Ex-South African President Jacob Zuma granted medical parole
JOHANNESBURG (AP) — Former South African President Jacob Zuma has been granted medical parole after serving two months of a 15-month sentence for contempt of court.
The decision comes after the 79-year-old spent almost a month in hospital for an undisclosed medical condition. Zuma’s lawyers have not disclosed his diagnosis but announced in mid-August that the former president had undergone surgery.
They also have sought to postpone his trial on corruption charges because of his health, though they have refused an assessment of his condition by an independent, court-appointed doctor.
Zuma’s foundation welcomed the decision and said Zuma should serve the rest of his sentence outside prison. “He is still in hospital right now,” the foundation stated on Twitter.
South African media reported that Zuma would be able to return to his home in Nkandla to recuperate.
“The news of the parole of the former president comes as a welcome relief to many of us. We also wish him a very speedy recovery among family and loved ones,” his former wife Nkosazana Dlamini-Zuma, the Minister of Cooperative Governance and Traditional Affairs, said on Twitter.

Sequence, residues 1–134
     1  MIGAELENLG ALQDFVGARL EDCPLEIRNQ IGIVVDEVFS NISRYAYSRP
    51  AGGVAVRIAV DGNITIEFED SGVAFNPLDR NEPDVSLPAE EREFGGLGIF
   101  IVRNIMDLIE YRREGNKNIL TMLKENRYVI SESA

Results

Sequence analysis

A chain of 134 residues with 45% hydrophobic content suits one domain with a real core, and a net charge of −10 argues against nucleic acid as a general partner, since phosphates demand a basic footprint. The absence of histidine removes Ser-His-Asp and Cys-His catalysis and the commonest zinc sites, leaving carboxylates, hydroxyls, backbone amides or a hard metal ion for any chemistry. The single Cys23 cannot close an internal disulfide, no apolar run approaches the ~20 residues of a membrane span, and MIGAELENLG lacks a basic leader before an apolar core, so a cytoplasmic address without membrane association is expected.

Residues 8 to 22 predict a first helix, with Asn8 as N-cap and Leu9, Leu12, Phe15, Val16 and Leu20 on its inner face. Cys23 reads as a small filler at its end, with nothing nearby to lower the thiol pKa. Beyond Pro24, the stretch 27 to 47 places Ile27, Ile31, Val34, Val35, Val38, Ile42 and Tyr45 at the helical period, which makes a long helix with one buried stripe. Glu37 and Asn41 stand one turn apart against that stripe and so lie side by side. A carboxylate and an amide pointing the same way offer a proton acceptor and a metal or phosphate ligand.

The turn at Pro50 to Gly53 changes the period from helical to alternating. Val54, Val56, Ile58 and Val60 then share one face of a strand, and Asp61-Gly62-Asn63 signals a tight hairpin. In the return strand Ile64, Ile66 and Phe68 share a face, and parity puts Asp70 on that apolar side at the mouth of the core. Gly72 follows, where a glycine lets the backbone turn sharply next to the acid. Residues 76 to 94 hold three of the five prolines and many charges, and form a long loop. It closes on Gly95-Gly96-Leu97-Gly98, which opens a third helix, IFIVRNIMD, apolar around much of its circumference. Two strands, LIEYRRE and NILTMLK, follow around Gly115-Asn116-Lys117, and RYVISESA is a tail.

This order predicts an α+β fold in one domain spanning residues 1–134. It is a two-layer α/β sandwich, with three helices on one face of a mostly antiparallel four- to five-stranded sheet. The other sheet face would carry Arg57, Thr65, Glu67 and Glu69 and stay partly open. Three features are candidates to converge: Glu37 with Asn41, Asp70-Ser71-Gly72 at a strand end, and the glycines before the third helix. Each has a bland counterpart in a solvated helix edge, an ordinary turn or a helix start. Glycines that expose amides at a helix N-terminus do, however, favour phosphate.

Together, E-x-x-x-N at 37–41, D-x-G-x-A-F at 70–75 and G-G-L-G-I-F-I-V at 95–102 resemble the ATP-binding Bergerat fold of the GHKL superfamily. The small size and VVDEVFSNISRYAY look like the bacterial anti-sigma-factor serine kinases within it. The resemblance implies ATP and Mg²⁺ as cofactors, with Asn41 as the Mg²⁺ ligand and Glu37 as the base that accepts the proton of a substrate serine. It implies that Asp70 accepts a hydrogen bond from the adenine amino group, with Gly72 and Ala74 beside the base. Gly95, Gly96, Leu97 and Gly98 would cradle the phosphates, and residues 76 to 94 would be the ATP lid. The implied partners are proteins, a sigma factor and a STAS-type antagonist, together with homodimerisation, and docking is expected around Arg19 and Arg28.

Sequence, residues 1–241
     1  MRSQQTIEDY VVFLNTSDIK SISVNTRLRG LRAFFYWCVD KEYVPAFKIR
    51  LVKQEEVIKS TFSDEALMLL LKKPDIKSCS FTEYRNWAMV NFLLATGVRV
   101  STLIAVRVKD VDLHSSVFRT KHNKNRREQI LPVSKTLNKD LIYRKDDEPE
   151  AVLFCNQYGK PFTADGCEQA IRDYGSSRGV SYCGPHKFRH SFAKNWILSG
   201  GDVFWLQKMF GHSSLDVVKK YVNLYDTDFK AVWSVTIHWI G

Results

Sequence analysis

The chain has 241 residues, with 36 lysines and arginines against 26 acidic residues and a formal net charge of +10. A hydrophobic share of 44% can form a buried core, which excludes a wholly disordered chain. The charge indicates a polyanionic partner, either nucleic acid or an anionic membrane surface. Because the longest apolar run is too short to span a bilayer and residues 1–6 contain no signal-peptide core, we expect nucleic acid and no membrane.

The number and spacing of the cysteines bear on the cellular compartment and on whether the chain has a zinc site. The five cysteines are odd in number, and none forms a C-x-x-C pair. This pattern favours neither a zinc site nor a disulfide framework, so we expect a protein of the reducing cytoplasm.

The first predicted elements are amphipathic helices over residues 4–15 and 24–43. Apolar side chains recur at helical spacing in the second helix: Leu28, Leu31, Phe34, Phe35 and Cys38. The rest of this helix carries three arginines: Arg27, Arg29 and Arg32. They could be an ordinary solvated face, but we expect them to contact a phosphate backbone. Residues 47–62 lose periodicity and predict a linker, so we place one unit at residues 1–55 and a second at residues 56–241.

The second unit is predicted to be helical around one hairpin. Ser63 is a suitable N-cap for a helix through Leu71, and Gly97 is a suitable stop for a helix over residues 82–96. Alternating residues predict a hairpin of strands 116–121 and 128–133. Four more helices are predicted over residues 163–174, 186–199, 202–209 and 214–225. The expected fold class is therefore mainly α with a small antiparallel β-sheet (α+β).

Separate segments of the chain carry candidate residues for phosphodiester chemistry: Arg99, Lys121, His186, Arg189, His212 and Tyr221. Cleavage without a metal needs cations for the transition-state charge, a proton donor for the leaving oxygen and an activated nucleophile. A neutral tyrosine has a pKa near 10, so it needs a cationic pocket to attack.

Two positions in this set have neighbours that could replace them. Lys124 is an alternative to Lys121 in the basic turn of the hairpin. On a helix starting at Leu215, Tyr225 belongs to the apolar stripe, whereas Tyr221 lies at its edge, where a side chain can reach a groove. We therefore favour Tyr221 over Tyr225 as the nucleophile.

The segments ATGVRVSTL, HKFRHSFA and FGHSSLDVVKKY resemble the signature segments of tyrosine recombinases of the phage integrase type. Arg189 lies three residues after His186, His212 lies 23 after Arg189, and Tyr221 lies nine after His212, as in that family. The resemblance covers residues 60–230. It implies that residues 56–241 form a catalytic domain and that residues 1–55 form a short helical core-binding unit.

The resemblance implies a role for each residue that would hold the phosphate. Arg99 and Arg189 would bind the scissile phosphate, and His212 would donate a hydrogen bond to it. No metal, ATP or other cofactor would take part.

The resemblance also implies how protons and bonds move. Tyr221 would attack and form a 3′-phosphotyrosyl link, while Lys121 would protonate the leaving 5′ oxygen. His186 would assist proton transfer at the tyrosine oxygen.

The opposition party, the Democratic Alliance, has been critical of the parole, alleging that it is illegal.
DA leader John Steenhuisen said that he will ask in parliament for President Cyril Ramaphosa’s government to give a full explanation of Zuma’s medical condition and the reasons for the parole.
“A report on the health status of any prisoner must be subject to recommendation by an independent board to confirm, in truth, that a prisoner is indeed deserving of medical parole,” Steenhuisen said.
“Given that Zuma publicly refused to be examined by an independent medical professional, let alone a medical advisory board, this decision is a violation of the act and therefore unlawful,” Steenhuisen said.